Saint Cecilia is the patron of music because of the way she sang during times of great trial and suffering during her life. Music expressed her great love for Christ, and her joyful belief that God would watch over her.
Cecilia lived during a time of persecution in the early Church. Valerian and Tiburtius were arrested and executed because they would not deny their faith. After burying her husband and her brother-in-law, Cecilia continued to practice her faith openly. She was soon arrested and sentenced to death. She asked that her belongings be given to the poor and that her home be turned into a church after her death. While dying she is said to have sung songs of praise to God.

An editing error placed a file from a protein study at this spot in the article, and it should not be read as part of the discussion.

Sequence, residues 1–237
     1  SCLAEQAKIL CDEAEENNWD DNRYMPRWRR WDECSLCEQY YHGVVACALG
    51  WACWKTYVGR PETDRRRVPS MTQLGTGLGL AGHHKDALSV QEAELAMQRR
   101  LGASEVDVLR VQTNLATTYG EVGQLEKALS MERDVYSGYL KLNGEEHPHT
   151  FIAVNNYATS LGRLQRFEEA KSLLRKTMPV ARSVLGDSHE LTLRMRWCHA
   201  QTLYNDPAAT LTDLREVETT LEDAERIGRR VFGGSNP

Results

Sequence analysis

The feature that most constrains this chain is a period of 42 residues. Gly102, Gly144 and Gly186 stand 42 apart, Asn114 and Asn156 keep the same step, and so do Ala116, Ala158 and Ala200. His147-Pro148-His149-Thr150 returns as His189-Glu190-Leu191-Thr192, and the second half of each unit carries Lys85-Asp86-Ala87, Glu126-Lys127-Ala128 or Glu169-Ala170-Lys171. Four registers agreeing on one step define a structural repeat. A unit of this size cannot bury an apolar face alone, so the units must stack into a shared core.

The story of Saint Cecilia has been passed along for centuries as a testimony to her courage and dedication to her faith. She is the patron of music because of the way she sang during times of great trial and suffering during her life. Music expressed her great love for Christ, and her joyful belief that God would watch over her.
The saints’ love and prayers for the Church are constant. Teaching children about saints provides inspiring examples of discipleship and models for living out their faith. Children in Catholic religious education programs can use the activities in this article at home or in the classroom to celebrate saint feast days in November!
Looking for more resources about popular saints for kids? Let Catholic kids and their families be inspired by these and other Catholic saints any time of year!